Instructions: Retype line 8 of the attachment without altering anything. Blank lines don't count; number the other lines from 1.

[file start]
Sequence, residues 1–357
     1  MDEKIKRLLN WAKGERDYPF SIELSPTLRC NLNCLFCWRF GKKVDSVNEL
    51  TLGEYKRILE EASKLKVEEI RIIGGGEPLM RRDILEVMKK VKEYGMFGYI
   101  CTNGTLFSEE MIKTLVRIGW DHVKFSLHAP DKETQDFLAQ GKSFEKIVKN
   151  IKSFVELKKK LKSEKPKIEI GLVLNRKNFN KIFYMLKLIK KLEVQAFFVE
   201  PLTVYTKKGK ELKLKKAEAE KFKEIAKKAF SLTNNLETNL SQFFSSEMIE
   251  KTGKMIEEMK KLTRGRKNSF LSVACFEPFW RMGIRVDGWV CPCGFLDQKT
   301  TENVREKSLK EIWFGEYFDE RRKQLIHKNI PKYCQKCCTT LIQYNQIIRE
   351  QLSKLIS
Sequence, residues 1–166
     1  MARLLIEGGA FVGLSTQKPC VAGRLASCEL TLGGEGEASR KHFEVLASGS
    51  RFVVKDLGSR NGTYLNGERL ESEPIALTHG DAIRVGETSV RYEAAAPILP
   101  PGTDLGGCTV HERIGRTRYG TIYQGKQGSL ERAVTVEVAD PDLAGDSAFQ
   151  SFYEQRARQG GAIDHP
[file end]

   301  TENVREKSLK EIWFGEYFDE RRKQLIHKNI PKYCQKCCTT LIQYNQIIRE